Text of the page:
‘The Great Hack’The Fightback Begins in the Brexit-Trump Culture Wars
Film-maker Sheridan Flynn on the new Netflix documentary following Carole Cadwalladr’s ongoing mission for the truth about how our data is being weaponised to change the world
Last week saw the passing of the great Dutch actor Rutger Hauer who famously played Roy, a rogue android in Ridley Scott’s sci-fi cult classic Blade Runner.
We mourned his death as a machine on film, then as a man in reality. In his famous closing scene in Blade Runner, we project our human emotions onto a dying machine and, in doing so, we’re forced to question what it is that makes us human.
Today, we know that emojis are simply emotions distilled into digital bits – likes, joy, fear, love, anger. They underpin the data that informs advertisers on how to influence our buying behaviour and, in turn, they are the currency that power tech giants such as Google, Facebook, and Twitter. It’s a relationship most of us are comfortable enough with to tolerate: surrender some basic information for the convenience of free connectivity. Besides the odd intrusive ad, what’s the worst that could happen?
How about Brexit, Trump, the rise of the far-right, the spread of disinformation and the erosion of democracy?
It’s time to ask ourselves: is it still worth it?
The Great Hack attempts to confront one of the most abstract and complex scandals of our age – the Cambridge Analytica Facebook data hack. How dark forces hacked our personal information and weaponised our data to manipulate us and ultimately sway elections.
Cambridge Analytica claimed to have five thousand data points which were used to predict the personality of every adult in the United States. This data was used to form targeted digital ads aimed at voters as part of an information warfare campaign designed to sow discord and elect Donald Trump. Without people’s knowledge or consent, hundreds of thousands of Americans’ personal Facebook information was used to create these data points. Data which was controlled by Cambridge Analytica. This is the core of Professor David Carroll’s quest in The Great Hack. To recover his personal information from the now disgraced data mining company. In summarising his case, Carroll’s solicitor Ravi Naik poignantly states that data rights are human rights.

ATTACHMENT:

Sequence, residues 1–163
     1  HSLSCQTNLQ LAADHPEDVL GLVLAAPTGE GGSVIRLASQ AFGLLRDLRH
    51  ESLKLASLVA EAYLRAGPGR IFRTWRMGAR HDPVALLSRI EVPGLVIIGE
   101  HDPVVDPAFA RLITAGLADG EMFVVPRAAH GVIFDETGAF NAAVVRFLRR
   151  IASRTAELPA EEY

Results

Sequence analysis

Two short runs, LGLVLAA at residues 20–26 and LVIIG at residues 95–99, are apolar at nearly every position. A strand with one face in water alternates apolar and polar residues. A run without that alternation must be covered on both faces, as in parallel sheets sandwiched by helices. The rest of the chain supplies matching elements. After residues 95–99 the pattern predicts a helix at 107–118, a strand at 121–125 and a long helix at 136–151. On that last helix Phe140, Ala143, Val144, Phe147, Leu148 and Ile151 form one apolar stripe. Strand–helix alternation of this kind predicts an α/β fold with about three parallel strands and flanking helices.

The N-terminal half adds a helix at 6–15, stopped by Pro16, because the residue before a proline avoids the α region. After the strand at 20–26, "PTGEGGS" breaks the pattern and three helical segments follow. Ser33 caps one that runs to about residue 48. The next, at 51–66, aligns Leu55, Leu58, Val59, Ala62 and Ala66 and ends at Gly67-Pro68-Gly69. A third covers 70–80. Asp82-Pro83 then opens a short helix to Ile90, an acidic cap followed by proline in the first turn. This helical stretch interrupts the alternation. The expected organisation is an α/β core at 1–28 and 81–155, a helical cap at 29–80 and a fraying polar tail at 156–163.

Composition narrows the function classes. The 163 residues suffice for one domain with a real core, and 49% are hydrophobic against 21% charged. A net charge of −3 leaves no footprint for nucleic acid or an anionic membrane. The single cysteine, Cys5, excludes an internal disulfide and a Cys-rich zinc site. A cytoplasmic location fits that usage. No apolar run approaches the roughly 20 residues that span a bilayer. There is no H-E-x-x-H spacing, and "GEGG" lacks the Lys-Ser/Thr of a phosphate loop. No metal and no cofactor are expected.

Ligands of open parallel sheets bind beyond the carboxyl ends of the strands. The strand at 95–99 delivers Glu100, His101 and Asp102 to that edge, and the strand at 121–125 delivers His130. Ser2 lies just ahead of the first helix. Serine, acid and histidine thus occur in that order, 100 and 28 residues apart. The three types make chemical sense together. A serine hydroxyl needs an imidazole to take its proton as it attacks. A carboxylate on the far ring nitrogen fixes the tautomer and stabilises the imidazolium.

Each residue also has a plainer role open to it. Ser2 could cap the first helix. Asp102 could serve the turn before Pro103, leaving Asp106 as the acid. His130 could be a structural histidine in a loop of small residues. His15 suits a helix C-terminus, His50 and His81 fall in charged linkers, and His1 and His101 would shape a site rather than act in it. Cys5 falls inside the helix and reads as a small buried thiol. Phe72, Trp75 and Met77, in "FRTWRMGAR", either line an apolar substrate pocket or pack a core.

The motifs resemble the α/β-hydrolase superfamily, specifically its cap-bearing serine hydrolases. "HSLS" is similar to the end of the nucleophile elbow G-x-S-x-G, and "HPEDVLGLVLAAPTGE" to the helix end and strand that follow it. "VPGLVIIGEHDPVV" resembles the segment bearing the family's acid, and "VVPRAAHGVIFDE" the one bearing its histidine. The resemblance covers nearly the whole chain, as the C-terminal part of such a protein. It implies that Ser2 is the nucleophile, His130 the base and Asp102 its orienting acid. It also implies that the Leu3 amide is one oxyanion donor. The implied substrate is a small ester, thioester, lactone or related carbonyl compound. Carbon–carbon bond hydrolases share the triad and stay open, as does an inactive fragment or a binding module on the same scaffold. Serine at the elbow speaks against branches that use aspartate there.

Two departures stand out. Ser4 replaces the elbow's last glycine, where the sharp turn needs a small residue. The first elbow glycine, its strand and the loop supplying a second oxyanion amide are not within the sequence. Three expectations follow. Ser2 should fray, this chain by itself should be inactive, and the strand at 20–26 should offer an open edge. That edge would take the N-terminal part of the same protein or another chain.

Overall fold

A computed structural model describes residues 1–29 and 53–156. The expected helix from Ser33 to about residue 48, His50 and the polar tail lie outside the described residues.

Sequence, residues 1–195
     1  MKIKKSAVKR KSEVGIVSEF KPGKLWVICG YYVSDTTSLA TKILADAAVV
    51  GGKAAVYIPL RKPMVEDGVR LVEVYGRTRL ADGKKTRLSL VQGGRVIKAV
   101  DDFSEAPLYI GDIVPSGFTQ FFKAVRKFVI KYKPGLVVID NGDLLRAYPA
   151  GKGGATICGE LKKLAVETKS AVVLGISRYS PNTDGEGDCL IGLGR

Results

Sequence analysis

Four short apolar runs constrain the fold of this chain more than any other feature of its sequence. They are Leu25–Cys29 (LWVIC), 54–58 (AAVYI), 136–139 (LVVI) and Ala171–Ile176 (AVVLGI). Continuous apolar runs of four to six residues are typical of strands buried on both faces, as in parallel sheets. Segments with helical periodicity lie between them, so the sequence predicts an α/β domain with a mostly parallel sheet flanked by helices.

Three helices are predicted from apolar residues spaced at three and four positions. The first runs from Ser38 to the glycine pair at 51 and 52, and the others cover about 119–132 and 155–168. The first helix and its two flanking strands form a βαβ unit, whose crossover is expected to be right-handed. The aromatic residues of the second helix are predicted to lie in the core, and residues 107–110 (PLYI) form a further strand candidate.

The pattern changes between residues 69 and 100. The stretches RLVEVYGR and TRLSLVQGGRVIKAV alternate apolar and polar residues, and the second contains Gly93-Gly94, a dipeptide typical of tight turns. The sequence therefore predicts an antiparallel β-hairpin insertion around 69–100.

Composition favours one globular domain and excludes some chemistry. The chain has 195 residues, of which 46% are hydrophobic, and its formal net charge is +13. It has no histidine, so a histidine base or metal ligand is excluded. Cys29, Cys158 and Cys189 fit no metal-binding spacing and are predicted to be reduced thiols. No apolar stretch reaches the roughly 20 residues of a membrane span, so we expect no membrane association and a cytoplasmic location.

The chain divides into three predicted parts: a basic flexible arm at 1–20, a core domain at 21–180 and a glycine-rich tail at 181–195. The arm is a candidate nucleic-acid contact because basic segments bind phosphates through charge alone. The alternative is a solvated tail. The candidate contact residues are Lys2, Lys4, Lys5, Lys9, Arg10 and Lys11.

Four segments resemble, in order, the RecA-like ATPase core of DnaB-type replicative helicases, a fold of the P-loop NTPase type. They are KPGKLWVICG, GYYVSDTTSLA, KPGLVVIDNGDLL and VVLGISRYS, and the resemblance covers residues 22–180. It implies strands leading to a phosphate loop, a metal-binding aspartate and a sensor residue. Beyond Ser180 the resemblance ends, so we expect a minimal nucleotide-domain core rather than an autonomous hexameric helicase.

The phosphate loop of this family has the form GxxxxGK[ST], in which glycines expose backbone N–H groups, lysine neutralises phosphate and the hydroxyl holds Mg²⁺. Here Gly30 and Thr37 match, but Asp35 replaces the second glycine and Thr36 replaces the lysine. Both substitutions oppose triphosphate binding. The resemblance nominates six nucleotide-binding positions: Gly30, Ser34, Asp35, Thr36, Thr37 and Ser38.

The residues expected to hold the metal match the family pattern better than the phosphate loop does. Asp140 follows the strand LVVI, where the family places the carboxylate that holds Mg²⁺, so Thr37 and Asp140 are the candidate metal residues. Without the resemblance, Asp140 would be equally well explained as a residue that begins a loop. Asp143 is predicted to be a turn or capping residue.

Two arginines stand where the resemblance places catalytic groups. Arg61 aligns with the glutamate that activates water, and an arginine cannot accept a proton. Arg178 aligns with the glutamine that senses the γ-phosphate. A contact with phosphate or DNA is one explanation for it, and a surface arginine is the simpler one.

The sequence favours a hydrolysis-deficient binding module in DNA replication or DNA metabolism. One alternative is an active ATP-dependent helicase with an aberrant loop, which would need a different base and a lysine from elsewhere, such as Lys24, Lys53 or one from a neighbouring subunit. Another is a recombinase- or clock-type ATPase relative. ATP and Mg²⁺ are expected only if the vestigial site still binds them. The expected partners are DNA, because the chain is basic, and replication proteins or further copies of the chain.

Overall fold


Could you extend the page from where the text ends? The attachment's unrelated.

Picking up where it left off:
The film opens with former Cambridge Analytica employee Brittany Kaiser at the Burning Man festival. She ceremoniously scrawls her old employer’s name onto a piece of firewood, ties on a pair of whistles and we watch as the amber flames light up her face. It’s a crude metaphor for a whistle-blower attempting to absolve their sins. Given what we already know about Cambridge Analytica’s activities as a facilitator of information warfare, it’s safe to assume the opposite may also be true – that Kaiser sets fire to the world around her and looks on slightly detached.
To win this war we need great storytelling, great cinema, great art. Brexit and Trump ultimately won on emotions – and this is where the response lies.
In contrast to Kaiser, David Carroll solemnly trudges through Brooklyn.
He seems like a man heavy with loss. Haunted by the memory of early techno utopianism, all of its promises of freedom and what it became in 2016. Images of Crooked Hillary, Alex Jones and domestic civil unrest fill the screen in a chaotic nightmare sequence. “How did the dream of the connected word tear us apart?,” he asks.